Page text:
Anna is a Teaching Fellow and MPhil candidate at Melbourne Law School. She researches across the fields of history and theory of international law, with a focus on security, intervention and statebuilding. Her MPhil project is a legal and political history of enemy states in the early years of the United Nations. Anna is a Senior Program Fellow in the Laureate Program in International Law, and co-editor of a volume on revolution and international law with Anne Orford, Kathryn Greenman and Ntina Tzouvala, to be published with Cambridge University Press.
Anna holds a JD (first class) from Melbourne Law School, and a Bachelor of Arts from the University of Adelaide, with honours in Politics. She is a former Editor of the Melbourne Journal of International Law and has tutored in public law and legal theory at the University of Melbourne’s Ormond College. Prior to commencing her MPhil, she was a research assistant at Melbourne Law School in the fields of international law, constitutional law, and legal theory. She has also worked in the field of native title in the state of Victoria and volunteered in international refugee law and policy.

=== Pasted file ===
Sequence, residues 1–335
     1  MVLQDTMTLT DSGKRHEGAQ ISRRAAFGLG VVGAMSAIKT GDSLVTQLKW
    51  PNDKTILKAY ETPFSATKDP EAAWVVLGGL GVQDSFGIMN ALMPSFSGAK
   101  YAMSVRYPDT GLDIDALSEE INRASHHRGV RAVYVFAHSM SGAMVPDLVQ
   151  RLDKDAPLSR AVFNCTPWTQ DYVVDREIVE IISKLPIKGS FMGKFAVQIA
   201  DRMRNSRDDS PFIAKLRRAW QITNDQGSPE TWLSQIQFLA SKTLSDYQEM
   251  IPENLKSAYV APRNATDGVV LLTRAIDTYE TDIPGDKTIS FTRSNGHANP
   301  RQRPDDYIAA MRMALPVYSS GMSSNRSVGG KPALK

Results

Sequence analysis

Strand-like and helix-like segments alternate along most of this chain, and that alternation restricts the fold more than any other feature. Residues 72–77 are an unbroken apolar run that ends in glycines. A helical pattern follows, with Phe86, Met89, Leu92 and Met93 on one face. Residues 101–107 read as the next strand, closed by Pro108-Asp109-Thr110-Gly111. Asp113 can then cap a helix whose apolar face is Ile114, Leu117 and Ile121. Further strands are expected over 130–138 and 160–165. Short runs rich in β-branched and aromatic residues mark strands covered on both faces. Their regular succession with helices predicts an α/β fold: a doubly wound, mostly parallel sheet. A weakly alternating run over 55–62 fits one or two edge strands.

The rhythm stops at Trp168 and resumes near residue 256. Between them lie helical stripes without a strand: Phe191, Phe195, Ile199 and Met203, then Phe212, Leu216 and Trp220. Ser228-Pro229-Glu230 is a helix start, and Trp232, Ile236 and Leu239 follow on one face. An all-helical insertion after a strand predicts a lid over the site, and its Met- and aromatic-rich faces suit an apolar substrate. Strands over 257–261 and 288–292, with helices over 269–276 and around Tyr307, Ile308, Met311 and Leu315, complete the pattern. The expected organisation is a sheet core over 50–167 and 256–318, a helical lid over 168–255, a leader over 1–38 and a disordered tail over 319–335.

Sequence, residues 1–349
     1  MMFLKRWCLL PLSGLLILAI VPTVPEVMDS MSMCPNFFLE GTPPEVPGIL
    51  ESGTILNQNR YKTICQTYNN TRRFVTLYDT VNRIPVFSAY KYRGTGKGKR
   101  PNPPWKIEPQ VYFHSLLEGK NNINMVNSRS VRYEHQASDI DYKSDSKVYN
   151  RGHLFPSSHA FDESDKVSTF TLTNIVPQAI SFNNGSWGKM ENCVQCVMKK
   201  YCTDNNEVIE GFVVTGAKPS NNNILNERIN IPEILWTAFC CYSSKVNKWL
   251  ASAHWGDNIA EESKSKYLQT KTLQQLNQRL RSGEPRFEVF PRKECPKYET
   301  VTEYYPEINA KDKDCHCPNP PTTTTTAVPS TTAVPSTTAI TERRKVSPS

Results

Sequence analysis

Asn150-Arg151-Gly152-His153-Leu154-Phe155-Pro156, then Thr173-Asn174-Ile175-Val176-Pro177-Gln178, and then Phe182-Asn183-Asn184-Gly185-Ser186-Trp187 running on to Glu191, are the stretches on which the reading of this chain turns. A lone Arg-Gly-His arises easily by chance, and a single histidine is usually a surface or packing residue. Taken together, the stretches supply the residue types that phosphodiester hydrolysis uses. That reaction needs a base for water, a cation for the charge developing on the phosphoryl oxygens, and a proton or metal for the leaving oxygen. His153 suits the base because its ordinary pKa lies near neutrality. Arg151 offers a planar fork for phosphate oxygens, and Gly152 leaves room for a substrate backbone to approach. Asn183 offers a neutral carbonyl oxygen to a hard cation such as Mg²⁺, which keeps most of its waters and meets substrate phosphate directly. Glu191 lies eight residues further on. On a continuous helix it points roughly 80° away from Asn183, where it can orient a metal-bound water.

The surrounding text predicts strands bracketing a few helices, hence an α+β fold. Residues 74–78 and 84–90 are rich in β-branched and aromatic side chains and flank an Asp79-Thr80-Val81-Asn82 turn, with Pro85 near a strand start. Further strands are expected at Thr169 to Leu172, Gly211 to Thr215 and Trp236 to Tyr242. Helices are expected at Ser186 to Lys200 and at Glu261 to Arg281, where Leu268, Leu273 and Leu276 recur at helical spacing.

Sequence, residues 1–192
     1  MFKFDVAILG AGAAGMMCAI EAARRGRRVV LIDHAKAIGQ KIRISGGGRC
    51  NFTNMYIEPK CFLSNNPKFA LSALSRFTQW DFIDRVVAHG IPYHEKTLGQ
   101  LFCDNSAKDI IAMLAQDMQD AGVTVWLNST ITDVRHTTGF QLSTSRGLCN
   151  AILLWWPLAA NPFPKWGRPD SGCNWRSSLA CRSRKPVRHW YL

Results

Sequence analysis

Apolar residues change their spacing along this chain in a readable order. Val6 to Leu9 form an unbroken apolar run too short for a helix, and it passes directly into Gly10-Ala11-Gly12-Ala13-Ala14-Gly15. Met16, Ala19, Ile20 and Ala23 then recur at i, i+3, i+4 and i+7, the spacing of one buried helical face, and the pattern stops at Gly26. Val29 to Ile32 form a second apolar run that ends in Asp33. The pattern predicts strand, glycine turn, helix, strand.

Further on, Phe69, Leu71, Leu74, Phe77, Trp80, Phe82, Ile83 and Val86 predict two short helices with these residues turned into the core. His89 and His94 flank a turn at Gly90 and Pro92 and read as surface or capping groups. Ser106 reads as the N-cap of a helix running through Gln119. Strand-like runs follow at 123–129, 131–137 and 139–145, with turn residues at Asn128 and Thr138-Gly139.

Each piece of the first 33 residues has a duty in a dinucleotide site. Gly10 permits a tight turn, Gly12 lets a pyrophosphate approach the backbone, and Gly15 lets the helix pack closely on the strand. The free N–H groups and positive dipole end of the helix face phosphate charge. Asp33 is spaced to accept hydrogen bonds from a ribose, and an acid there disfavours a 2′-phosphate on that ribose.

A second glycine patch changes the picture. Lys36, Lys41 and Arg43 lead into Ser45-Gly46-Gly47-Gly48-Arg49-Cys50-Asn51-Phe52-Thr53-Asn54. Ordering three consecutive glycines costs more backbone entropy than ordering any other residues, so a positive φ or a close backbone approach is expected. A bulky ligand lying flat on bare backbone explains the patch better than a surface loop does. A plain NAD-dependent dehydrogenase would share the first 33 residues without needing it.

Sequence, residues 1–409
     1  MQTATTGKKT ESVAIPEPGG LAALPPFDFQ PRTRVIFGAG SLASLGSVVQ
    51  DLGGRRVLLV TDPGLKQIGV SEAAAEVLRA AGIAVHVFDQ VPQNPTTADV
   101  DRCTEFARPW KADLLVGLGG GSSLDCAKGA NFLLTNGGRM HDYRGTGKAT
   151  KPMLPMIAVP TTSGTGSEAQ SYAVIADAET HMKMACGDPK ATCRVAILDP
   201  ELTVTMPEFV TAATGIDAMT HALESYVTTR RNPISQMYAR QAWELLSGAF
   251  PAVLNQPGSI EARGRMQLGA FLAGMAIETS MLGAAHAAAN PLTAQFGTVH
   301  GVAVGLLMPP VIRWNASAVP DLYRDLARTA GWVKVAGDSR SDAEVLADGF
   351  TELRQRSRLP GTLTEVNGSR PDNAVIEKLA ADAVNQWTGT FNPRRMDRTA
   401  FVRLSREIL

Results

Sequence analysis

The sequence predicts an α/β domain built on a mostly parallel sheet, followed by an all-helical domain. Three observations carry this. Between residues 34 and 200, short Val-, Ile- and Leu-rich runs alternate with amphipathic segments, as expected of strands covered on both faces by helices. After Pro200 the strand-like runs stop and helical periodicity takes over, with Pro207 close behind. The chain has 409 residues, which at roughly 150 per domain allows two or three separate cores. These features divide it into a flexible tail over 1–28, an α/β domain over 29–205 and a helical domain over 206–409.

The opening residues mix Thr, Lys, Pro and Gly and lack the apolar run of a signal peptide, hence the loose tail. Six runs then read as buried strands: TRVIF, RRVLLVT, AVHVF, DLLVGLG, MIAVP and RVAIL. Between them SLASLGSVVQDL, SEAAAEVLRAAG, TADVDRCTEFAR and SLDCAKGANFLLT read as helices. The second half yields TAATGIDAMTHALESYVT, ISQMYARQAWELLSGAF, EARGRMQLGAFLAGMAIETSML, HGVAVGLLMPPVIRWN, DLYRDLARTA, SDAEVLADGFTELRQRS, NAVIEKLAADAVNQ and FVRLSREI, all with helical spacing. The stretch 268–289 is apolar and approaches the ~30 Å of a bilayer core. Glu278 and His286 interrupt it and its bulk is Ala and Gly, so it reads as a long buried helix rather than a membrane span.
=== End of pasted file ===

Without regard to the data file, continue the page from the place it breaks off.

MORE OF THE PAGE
Enemy States and the United Nations: A Legal and Political History
The enemy states clauses are an often-forgotten aspect of the origins of the United Nations. The thesis will redescribe those origins through examining the negotiations, practices of implementation, and subsequent erasure of the enemy state concept. The enemy states clauses in the Charter of the United Nations provided for a transitional period during which the major powers were allocated responsibility for the occupation and demilitarisation of Germany and Japan, the detachment and administration of enemy state territory, and the conclusion of peace agreements. The thesis aims to critically assess the legacy of this formative period for the postwar international legal order, informing contemporary debates on international law’s role in maintaining peace and security.
- International Law
- Public Law
- Legal History
- Legal Theory